About the company
Chamberlin PLC (LON:CMH) has adopted the corporate motto of “difficult things done well”, reflecting its marriage of “technical excellence with outstanding customer service”. In years past it might disparagingly have been referred to as a metal-basher; however, it’s anything but.
For example, the castings divisions (Chamberlin & Hill and Russell Ductile) produce high-quality iron products ranging in weight from 0.1kg to 5,000kg for the automotive, construction, power generation, steel, rail, and industrial sectors.
The engineering arm, Petrel, creates lighting for use in hazardous areas such as petrochemical production facilities, as well as a range of control gear and electrical installation equipment.
The unique selling point is, according to the AIM-listed business’ website, as follows: “We are committed to growing the business in such a way that product intellectual property or process know-how (such as in our casting foundries) creates a competitive advantage over low wage economies and where operational excellence can deliver outstanding results.”
How’s it doing?
Chamberlin has been hit by the double whammy of Covid and Brexit. Last December, BorgWarner, the American automotive supplier and key customer, proffered notice of early termination of all contracts it had with Chamberlin. Sales for the 11 months to February 28 were GBP20.6mln compared with GBP23.9mln a year earlier) and the group was loss-making over the period. The plan is to return the business to profitability in the second half of the new financial year.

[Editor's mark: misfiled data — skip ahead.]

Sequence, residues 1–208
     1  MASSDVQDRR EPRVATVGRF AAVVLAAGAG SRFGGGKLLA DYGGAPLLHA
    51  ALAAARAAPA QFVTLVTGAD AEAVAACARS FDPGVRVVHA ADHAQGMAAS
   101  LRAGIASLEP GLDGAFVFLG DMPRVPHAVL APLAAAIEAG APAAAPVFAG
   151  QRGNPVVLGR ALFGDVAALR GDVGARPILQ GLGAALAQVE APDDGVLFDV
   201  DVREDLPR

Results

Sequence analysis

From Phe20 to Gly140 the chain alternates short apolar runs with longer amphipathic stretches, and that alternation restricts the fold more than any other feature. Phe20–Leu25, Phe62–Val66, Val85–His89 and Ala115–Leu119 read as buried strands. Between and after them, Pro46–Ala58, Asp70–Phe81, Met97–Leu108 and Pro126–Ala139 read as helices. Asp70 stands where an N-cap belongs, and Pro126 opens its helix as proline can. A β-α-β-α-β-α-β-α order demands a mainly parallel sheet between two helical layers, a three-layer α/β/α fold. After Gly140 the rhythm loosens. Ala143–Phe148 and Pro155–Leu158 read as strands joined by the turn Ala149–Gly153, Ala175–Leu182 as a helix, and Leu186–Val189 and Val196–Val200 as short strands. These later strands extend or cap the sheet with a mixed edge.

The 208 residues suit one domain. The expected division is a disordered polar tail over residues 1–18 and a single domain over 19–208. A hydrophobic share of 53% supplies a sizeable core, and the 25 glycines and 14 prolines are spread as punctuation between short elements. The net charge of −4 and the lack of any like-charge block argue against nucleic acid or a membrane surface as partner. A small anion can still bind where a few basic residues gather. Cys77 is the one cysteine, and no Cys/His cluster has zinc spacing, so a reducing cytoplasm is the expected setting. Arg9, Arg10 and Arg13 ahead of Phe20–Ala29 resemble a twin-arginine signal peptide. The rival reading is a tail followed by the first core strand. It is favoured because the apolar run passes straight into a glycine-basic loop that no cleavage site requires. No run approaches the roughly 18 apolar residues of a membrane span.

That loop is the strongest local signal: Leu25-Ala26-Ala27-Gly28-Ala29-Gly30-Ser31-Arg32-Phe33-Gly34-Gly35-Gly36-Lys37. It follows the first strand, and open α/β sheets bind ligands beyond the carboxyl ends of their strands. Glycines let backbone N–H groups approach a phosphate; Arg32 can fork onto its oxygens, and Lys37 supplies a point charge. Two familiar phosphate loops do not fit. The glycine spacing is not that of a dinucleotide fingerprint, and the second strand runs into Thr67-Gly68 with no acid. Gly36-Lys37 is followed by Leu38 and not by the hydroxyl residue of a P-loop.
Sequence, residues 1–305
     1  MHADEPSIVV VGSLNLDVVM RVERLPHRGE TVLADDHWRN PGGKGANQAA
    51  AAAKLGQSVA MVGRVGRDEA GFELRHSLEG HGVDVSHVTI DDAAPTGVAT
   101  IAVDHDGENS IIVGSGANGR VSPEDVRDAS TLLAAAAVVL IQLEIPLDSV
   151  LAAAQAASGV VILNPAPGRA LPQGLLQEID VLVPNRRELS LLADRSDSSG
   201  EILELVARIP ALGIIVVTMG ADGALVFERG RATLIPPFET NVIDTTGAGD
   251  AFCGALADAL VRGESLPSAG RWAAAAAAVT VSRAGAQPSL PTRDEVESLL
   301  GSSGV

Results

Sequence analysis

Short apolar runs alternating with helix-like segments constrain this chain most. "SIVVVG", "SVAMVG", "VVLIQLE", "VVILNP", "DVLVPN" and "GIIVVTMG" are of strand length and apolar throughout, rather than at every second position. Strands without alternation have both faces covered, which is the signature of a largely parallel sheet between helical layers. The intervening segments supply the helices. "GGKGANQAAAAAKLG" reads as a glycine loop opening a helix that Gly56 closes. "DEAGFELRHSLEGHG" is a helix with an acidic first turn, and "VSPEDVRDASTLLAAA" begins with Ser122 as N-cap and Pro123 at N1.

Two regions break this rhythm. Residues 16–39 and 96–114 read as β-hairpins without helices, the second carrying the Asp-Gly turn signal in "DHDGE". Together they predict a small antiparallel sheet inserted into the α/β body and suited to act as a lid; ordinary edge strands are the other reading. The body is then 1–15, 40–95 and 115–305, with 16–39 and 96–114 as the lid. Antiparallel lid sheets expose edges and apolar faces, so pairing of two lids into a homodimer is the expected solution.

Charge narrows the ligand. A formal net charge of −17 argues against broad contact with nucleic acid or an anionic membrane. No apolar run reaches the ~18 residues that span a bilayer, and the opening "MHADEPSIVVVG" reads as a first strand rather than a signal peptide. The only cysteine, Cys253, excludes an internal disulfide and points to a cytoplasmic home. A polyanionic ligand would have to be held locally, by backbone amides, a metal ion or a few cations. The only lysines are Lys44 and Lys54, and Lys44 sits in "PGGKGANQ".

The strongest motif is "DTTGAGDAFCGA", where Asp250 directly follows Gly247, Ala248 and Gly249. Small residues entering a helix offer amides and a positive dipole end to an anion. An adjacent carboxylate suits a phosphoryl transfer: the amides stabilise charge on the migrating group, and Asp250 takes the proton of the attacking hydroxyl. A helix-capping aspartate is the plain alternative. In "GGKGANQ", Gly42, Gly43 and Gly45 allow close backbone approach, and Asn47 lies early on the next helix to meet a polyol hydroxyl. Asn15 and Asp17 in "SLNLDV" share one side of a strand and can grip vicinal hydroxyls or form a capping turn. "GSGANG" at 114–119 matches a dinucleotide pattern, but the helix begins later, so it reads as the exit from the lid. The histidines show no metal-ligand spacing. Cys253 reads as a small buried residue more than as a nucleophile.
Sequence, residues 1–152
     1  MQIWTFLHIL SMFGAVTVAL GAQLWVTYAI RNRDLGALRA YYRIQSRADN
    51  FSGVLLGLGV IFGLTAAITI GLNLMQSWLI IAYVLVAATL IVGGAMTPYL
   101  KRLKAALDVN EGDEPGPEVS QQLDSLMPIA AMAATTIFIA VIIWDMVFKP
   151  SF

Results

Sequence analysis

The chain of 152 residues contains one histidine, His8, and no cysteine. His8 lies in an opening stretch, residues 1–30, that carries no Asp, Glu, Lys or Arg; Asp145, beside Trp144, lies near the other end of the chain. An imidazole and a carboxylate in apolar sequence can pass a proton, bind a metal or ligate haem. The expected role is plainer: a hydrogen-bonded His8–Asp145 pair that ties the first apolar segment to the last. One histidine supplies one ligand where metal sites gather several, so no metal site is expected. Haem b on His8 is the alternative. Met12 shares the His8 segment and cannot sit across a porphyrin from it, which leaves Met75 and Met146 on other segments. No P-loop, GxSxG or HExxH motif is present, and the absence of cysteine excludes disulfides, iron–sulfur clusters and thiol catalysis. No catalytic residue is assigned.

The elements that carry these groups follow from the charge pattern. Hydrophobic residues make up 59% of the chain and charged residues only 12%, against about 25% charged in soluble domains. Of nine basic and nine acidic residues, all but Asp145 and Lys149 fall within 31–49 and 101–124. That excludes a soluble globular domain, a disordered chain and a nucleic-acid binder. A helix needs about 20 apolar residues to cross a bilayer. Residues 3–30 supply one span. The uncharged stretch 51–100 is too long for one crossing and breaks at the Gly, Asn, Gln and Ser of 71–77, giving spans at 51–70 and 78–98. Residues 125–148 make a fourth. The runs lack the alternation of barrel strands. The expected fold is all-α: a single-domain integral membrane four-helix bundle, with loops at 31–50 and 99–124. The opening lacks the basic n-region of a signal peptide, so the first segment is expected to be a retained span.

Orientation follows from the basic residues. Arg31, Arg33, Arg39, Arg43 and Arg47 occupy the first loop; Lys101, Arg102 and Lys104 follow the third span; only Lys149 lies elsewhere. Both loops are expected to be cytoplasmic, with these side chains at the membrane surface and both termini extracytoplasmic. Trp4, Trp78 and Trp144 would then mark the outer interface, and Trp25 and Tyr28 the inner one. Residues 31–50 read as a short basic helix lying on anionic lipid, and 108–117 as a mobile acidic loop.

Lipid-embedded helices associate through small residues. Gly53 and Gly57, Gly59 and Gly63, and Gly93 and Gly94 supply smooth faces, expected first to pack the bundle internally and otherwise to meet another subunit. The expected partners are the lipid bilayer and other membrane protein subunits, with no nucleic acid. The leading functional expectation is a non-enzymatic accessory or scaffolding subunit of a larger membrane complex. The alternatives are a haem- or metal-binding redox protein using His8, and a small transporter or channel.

Sounder financial footing
Net debt (plus deferred VAT and PAYE) totalled GBP5.5mln as at February 28, according to the March 26 trading statement that accompanied a GBP3.5mln placing of and subscription for new shares in the business. The cash injection will fund working capital requirements and meet the costs of restructuring the business.
Keith Butler-Wheelhouse, former boss of Smiths Group and Chamberlin’s chairman, provided this commentary: “Management are confident that sales at Chamberlin will stabilise in the first half of the new financial year and will then grow from the post-BorgWarner low, with the growth gathering pace in the second half. The board expects growth from all business units and a return to profitability and cash generation post our restructuring.”
Research house Hardman said: “Although at this level, they represent the opportunity to invest in a cyclical stock with good operational leverage, they are likely to tread water in the near term until significantly brighter prospects become more visible.”
As at April 28, the stock was trading at 9.1p.